Microsoft Ignite 2019 has seen many new announcements, and the HyperV Team were keen not to be left out. A mix of features for both Azure HyperV based VM’s and on-prem physical HyperV nodes/clusters were included.
The team were very happy to announce that Gen2 HyperV VM’s are now available in Azure offerings, a number of advancements in the hyperv ecosystem meant that gen2 support was a critical requirement. In Azure, VM’s on pakcages such as Mv2 (massive scale), NVv4 (GPU enabled VMs), HBv2 (compute based VM’s) and LSv2 (Storage Optimized) all required Gen2 support to progress to where they are today.
Building off of Gen2 support, VM packages such as Mv2 can now be deployed with up to 416vCPU Cores and 12Tb of vRAM, numbers thata re not yet available in other cloud offerings. HBv2 VM’s, the compute operation optimized ones, can now make use of up to 80k compute nodes in a single instance!
You heard that right, the NVv4 package offers GPU accelerated environments in Azure, and this technology is also filtering down to on-prem/dedicated HyperV Nodes. The HyperV Team have worked to bring a new form of GPU Partitioning to HyperV, a single GPU can be partitioned and chunks of it can be presented to single VM’s as a complete physical pass-thru GPU. The Vm knows no different, and can use the GPU as if it was physical. This is exciting for the accelerated VDI market, and is sure to make waves after the shortcomings of RemoteFX.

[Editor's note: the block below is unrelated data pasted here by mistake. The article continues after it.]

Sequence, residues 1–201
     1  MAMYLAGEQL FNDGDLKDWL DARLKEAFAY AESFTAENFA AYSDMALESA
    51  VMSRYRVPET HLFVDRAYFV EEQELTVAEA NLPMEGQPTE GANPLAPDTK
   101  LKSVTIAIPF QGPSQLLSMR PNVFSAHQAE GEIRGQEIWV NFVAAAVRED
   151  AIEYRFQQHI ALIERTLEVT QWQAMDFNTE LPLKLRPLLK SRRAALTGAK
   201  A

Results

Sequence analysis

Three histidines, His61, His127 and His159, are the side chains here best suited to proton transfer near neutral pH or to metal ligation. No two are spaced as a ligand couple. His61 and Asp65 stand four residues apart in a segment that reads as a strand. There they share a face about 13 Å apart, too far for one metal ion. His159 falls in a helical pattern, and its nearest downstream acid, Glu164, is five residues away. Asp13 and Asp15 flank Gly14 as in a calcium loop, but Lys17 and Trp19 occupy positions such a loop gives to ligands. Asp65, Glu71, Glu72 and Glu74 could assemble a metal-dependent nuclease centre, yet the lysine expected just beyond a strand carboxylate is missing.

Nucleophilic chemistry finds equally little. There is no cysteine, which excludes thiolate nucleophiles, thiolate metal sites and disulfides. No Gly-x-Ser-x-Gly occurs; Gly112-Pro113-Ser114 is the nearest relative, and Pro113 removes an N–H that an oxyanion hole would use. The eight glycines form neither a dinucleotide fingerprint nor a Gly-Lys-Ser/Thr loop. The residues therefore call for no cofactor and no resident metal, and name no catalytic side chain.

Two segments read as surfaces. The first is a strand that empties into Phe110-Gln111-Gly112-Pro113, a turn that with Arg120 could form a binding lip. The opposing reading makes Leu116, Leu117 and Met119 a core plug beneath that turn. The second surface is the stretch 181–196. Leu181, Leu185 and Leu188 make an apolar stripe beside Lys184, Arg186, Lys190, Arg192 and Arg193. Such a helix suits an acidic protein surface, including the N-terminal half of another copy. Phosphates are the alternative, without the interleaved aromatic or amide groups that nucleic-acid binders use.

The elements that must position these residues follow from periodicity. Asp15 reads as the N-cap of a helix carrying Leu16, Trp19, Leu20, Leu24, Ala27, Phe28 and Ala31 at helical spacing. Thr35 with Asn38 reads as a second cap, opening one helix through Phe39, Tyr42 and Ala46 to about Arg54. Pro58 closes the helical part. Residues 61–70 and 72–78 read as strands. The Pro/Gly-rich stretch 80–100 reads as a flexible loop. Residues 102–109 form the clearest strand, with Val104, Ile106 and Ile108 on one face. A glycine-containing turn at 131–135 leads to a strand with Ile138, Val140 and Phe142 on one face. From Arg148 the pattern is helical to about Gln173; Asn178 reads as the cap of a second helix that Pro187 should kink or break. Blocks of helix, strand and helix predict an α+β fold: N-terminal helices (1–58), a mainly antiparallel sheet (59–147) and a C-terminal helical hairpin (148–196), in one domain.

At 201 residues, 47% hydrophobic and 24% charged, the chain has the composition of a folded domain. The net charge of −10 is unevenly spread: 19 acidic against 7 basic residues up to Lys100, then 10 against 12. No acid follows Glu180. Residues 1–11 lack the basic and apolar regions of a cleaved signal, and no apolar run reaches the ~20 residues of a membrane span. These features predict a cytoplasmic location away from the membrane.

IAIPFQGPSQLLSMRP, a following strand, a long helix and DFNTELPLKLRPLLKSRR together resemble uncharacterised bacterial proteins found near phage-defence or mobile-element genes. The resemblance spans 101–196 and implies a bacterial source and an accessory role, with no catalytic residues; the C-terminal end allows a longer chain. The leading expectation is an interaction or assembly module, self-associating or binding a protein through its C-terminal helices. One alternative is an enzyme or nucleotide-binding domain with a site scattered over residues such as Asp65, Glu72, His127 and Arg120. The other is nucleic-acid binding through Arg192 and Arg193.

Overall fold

A small gesture, but the HyperV Team recognise that application debugging around the HyperV stack hsa often been a tiresome chore. In an effort to make it more palettable, they have released the HyperV stack debugging symbols packages, so analyzing core and memory dumps in crashes etc is now a lot more meaningful.
Windows Admin Center is swiftly becoming the crown jewel in Windows Server 2019+ environments. To that end, the HyperV Team have incorporated Live Migraton control and feedback between HyperV Nodes in Cluster right into Admin Center. This is available today, and in their roadmap, the plan is to eventually use Admin Center as the one-stop-shop for HyperV Sysadmin operation.
Available now in HyperV is the ability group CPU’s in multi socketed physical environments. This presents a lot of optoins around segmenting high risk or public facing VM’s to one CPU set, and high data value VM’s to another. This is in an effort to further mitigate the impact of being vulnerable to CPU Microcode attacks such a Spectre and Meltdown. CPU groups have no knowledge of the other CPU groups, and comms between groups is prohibited.
All in all, exciting times to be involved in HyperV rollouts, both in Azure and on-prem/dedicated.